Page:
The Birth of Jazz
New Orleans was an ideal place for the emergence of jazz because it was a crucial point of commerce along the Mississippi. It was a “prosperous, cosmopolitan environment that few cities in the New World could match” (Gioia, 27). This wealth of industry attracted a melting pot of people, which created a lively and diverse culture that welcomed music in all forms. Jazz flourished in the Saturday night fish fries and the lawn parties, private events that gave musicians a chance to play for the locals. One source of this outgrowth was due to the city’s high mortality rate; according to Gioia, the “average life span for a black native of New Orleans in 1880 was only thirty-six years” (Gioia, 28). Such high mortality rates created an obsession with death that manifested itself in raucous merrymaking, which allowed people to distance themselves from their suffering. This was especially evident in the New Orleans parade for the dead, which was a paradoxical combination of both funeral and festival. Despite accusations that jazz originated from sin and licentiousness, Gioia maintains that in reality it was derived from the Baptist rhythms of the church. Musicians such as Bolden that would later become well known listened to religious music to get ideas for their own creations. Perhaps more influential still were the brass bands that became central to the social fabric of New Orleans; they played at nearly every type of social event and had a highly varied repertoire.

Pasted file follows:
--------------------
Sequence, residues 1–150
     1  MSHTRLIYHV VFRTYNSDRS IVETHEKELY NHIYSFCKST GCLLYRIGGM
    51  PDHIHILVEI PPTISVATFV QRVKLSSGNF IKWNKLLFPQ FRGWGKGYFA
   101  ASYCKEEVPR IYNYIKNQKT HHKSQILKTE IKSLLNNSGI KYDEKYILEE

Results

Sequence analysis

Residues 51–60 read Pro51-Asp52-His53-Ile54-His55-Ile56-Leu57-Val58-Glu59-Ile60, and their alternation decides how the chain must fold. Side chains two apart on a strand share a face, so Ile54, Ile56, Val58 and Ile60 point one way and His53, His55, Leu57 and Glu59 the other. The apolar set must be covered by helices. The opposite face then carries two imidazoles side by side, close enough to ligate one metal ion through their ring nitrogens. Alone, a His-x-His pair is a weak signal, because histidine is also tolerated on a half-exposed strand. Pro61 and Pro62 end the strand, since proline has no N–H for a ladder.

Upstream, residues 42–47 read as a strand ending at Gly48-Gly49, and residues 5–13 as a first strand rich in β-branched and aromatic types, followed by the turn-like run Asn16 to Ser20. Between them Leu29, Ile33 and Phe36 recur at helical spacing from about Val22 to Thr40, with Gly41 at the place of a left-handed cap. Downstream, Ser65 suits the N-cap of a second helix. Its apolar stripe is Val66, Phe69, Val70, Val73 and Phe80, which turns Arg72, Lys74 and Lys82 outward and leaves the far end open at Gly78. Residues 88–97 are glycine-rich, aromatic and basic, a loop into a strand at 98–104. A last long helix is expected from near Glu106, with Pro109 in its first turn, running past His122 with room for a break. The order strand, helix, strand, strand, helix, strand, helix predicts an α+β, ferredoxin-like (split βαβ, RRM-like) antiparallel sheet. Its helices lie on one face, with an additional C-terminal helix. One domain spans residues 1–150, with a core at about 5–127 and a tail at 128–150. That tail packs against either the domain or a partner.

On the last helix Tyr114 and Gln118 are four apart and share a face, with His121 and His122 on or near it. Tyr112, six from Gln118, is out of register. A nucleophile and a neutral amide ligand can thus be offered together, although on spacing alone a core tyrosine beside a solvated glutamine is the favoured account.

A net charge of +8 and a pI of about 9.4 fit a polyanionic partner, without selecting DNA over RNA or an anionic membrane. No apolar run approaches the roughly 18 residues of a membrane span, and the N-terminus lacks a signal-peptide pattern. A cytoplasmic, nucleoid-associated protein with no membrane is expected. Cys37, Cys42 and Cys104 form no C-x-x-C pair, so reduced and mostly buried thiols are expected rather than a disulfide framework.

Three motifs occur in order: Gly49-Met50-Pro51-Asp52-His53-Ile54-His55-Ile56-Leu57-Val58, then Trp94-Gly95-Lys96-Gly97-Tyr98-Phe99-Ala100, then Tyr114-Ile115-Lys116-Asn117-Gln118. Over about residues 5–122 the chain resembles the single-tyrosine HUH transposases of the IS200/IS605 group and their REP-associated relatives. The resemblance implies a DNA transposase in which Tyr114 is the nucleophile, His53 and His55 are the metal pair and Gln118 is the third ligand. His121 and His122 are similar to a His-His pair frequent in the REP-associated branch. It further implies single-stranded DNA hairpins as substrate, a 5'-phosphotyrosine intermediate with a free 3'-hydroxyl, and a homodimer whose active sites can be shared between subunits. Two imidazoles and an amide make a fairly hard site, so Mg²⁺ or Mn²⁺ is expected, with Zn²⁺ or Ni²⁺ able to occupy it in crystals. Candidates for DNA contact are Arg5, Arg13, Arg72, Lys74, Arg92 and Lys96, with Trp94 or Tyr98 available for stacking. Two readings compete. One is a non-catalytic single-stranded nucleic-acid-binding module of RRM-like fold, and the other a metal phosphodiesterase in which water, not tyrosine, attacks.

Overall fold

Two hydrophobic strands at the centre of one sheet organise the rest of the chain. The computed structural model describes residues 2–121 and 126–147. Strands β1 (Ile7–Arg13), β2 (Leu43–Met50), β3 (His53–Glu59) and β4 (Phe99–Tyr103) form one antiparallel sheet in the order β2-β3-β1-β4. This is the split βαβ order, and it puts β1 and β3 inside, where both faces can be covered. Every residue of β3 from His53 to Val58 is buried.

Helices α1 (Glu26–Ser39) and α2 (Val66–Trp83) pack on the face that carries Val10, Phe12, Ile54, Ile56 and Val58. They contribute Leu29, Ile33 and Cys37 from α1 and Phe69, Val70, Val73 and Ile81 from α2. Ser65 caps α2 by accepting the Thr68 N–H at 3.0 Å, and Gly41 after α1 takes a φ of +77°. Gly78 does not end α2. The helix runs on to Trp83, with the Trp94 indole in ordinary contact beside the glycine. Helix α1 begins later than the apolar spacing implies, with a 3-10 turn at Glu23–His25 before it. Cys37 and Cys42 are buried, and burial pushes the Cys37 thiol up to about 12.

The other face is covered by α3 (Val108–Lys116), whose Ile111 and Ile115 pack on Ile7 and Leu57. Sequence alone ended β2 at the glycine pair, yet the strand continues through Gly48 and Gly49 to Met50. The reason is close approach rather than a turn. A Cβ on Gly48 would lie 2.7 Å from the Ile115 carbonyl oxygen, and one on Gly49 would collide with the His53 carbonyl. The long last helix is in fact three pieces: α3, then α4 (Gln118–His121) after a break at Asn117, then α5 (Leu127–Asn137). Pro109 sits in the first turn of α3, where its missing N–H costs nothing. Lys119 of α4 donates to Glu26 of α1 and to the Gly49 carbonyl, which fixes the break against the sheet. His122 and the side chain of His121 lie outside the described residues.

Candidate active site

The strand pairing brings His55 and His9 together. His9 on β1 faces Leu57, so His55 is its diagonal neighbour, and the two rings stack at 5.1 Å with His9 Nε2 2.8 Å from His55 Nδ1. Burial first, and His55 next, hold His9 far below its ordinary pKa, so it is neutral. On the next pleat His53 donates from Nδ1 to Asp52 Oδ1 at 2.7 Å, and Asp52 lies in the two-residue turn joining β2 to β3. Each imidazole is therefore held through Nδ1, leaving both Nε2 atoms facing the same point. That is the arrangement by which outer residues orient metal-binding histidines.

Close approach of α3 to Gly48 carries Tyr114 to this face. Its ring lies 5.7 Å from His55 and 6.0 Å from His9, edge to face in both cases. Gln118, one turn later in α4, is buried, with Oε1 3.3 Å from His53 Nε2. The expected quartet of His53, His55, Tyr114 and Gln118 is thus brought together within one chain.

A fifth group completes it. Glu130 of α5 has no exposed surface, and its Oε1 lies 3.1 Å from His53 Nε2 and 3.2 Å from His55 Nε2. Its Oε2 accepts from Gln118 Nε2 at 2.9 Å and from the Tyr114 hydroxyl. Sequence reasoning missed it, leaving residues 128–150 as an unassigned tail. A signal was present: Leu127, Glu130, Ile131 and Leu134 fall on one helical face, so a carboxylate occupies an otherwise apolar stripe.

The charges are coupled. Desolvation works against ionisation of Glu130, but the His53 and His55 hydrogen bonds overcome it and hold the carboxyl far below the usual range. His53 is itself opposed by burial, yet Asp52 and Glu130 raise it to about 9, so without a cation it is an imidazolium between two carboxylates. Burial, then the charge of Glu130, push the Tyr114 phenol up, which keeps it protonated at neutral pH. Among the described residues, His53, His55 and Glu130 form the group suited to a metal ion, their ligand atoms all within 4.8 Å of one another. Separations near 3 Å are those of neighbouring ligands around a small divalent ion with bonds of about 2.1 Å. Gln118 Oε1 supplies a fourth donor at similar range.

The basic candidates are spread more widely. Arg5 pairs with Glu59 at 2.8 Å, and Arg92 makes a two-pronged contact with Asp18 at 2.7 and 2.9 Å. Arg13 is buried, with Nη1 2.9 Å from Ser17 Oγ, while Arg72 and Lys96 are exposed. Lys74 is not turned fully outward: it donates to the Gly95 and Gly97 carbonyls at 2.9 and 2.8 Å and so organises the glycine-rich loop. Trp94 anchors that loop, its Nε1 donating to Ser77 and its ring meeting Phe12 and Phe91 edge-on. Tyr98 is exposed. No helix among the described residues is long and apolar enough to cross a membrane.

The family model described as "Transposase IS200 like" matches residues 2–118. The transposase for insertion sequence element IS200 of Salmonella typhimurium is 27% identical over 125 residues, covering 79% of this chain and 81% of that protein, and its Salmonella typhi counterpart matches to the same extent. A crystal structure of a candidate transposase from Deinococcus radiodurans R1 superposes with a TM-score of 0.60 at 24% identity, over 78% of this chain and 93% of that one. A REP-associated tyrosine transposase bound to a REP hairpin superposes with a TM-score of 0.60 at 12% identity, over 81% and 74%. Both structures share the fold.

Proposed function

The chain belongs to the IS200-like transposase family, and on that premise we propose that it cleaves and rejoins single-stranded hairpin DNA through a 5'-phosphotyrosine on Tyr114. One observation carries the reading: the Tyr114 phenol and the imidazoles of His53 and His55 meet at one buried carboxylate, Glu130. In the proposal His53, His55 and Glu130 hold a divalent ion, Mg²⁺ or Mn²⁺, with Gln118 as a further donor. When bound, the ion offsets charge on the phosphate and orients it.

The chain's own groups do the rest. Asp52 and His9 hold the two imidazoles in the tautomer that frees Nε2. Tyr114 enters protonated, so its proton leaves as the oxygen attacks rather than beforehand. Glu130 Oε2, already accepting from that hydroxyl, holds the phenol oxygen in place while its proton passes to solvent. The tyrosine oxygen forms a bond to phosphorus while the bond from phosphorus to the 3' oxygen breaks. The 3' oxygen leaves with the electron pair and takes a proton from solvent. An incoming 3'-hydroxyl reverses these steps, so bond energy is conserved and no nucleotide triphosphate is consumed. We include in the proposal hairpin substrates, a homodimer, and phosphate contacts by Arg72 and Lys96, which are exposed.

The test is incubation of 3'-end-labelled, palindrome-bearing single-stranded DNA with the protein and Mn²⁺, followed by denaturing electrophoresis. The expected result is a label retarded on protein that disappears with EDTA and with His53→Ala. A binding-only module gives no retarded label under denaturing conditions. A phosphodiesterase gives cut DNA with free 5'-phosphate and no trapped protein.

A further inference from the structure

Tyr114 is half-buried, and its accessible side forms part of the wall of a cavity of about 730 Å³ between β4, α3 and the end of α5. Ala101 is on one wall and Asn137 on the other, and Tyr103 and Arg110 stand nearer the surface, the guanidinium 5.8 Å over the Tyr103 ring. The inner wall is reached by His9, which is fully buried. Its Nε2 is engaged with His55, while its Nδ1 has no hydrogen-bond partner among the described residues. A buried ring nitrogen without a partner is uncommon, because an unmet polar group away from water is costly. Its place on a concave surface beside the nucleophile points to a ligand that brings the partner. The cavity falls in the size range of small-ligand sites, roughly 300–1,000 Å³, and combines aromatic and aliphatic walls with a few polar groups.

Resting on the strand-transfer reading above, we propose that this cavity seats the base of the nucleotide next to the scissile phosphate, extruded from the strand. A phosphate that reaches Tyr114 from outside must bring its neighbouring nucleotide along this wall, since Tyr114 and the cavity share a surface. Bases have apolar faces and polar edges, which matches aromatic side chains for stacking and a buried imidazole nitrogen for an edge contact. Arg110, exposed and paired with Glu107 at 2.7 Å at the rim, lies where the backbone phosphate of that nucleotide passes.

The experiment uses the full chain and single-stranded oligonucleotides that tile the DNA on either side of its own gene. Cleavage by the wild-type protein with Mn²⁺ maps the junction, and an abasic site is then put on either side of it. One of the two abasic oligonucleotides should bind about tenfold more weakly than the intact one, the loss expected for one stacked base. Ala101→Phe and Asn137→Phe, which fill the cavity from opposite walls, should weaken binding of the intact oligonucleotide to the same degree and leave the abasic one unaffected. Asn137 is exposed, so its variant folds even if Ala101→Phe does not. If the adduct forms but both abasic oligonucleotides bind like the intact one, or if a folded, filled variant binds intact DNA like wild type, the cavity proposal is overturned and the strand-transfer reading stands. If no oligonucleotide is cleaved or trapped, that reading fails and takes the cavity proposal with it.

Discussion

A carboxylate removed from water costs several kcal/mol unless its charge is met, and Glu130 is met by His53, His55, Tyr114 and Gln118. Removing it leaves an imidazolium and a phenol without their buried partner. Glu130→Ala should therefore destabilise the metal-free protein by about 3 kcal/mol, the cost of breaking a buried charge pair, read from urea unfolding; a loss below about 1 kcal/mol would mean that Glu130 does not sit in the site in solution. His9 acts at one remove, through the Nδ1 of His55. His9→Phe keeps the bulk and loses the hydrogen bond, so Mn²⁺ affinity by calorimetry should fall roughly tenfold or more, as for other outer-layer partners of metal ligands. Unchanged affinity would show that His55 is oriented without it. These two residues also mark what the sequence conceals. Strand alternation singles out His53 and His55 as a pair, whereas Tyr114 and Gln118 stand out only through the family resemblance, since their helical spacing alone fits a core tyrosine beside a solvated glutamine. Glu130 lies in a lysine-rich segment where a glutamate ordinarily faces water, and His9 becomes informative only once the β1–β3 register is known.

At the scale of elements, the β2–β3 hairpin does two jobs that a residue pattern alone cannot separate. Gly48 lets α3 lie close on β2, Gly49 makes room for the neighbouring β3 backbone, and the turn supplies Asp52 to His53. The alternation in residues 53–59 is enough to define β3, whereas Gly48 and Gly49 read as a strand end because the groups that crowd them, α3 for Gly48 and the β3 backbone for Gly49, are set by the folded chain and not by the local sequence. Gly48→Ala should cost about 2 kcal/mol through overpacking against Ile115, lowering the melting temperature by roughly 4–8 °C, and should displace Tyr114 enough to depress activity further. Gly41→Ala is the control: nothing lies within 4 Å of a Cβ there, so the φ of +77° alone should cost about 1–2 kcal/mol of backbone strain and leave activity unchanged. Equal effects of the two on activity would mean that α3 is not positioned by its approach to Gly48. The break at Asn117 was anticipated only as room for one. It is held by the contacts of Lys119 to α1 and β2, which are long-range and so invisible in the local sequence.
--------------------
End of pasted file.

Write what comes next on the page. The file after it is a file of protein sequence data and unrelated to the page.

In terms of the Mexican contribution to New Orleans Jazz, there is substantial evidence that many black musicians were strongly influenced by the Mexicano style of music. New Orleans was a major center of commerce between the United States and Latin America, which attracted much international interest and immigration. When the Mexican government sent a national military band to New Orleans for the Cotton Exposition in 1884, many mexican musicians remained in the city after it ended. They in turn collaborated with many aspiring black artists, who integrated classical and latin influences such as wind instruments into their music (Johnson). Due to the strong Mexicano presence in the borderlands and their close association with black jazz artists, I believe that the mexican contribution was very important to the evolution of jazz.
The most important factor that strongly brought about the emergence of jazz in New Orleans was the remarkable amount of tolerance that its citizens displayed. Not only were there multitudes of different people and cultures, the city council even established an official site for slave dances. This shows an unprecedented and “exemplary degree of tolerance” (Gioia, 7) that allowed everyone to express themselves through art. By allowing slaves to practice and assimilate their music into European culture, African styles of art and dance began to emerge; without this influence, jazz would likely never have been born. Due to this rare acceptance, “music of all types permeated New Orleans social life; whether high or low, imported or indigenous, it found a receptive audience” (Gioia,32). In such a collaborative and welcoming environment, the African sense of rhythm was integrated into Western styles; an emphasis was placed on improvisation and spontaneity, which gave birth to the lively and spirited jazz culture that emerged from New Orleans.